Statement from the government's Crime and Justice Adviser, Louise Casey: 'It is only right that the public should have a say on how cash from criminals is spent in their community. This sends a strong message to the public that the criminal justice system cares about what they think and is on their side. This in turn might encourage more members of the public to help in the fight against crime - to pick up the phone to report a crime, stand up in court to give evidence and support others to do the same.

Ah! 'It is only right' I suppose that makes it all right, then.

OK, let me see if I have got this right ... The reason that more people didn't stand up in court to give evidence against knife-wielding maniacs (who were back on the street faster than the witnesses were) is ... they didn't have a say in how to spend the robbers' money? I suppose if that's what the government says it must be correct ...

Statement from the Justice Secretary, Jack Straw: 'I want people to have full confidence in the justice system and an important part of this is ensuring that justice is done and seen to be done.
Today’s announcement is the next step in increasing the influence of local people in delivering justice in their villages, towns and cities.'

'Delivering justice,' is it? 'Sharing out the spoils' is what it sounds like to me. So, how much ... ?

Home Office figures show the value of assets recovered from criminals this year has risen to an all time high of £148m for 08/09. This is up from last year’s £136m.

And the 'cashback' for the community is £4 million ...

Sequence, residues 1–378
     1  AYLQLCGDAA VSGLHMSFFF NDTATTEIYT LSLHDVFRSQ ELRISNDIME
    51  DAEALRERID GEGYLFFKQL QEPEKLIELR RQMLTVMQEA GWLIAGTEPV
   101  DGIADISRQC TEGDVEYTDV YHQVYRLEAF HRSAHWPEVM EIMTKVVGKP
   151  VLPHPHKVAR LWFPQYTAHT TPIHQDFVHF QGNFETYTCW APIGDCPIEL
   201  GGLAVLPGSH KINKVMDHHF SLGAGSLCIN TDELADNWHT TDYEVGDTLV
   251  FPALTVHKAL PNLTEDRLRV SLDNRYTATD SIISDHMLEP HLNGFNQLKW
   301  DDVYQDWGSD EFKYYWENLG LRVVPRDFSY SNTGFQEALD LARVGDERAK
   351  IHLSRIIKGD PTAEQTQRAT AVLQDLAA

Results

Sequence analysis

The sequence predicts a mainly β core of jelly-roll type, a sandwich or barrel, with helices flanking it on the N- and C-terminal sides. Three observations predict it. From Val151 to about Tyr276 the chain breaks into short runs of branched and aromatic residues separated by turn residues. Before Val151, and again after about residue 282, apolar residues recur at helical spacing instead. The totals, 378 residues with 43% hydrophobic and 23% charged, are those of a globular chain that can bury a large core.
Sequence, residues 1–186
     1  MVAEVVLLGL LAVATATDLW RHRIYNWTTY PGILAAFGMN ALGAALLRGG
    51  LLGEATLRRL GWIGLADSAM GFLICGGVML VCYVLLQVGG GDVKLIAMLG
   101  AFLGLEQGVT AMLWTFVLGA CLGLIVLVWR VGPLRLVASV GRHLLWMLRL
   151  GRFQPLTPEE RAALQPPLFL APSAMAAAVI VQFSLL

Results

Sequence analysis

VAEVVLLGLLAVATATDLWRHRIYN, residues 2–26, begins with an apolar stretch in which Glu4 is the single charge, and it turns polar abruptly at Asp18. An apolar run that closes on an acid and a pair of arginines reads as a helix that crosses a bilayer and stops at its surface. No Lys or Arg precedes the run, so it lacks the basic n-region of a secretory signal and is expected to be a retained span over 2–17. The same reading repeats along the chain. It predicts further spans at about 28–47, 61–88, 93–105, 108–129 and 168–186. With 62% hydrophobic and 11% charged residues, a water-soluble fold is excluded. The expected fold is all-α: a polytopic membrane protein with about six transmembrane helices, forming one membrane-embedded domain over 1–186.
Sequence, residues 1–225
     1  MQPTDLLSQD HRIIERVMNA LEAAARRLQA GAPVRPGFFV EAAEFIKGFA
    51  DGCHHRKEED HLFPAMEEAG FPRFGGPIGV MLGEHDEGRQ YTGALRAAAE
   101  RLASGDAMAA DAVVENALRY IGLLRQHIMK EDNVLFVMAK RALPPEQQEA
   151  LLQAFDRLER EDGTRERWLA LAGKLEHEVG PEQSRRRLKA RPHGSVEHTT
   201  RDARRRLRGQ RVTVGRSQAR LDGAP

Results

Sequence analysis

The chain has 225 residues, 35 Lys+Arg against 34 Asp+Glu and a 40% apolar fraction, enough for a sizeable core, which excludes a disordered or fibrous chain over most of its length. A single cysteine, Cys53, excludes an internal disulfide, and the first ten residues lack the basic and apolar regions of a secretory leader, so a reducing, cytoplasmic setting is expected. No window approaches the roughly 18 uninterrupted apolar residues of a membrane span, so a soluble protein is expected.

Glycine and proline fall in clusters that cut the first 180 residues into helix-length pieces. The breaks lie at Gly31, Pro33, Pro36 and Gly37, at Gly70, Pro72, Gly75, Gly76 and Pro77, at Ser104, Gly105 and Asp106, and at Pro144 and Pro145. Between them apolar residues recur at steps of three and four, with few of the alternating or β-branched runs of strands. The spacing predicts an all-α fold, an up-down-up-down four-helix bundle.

The figures also show that a total £23.6m recovered between January and April 2009 will be paid back to frontline services, with a total £7m to be shared between all police forces in England and Wales.

By my reckoning, that leaves about £114 million going to the 'frontline services' like Jack Straw's department.

Tuesday, 7 July 2009

Press Release 7th July 2009


Libertarian Party fields
youngest ever parliamentary candidate
at Norwich North

Thomas Burridge, aged 18, is the Libertarian Party candidate for the upcoming Norwich North by-election, and is set to make history as the youngest person ever to contest a Westminster seat. Thomas was accepted offically by the Returning Officer today.

Thomas is aware that his age may raise a few eyebrows. “People may ask what can I possibly know about anything at my age? Well, one thing I do know is that Labour excesses have left my generation with a massive debt that will take generations to pay off.” “It’s all the more painful because we were not given any say in the decisions that have forced us to spend the rest of our lives in debt.”

“Currently, the Tories and Labour are squabbling about cutting state spending by a pathetic 5 per cent. Whereas, the Libertarian Party want to scrap the whole rotten system. A system that has given us high personal taxes, squalid services and a corrupt parliament.” “I may not win this time, but I will be back in five years, and in another five years, if necessary. By which time, the guilty ones will be wallowing in their generous pensions – while my generation – The Debt Generation – will still be paying back the money that was squandered.”

The Libertarian Party believes in individual liberty, personal responsibility and freedom from government. Its most prominent policy is to scrap income tax, and transfer taxes to non-essential goods, leaving items such as food, heating and rent tax-free.


For more information, or to arrange an interview, contact the Libertarian Party Norwich North Campaign Office on 01603 850573 or the media enquiries mobile on 07505 228618.

Further details are available on our campaign website:
Alternatively, visit the Libertarian Party website:

Thursday, 2 July 2009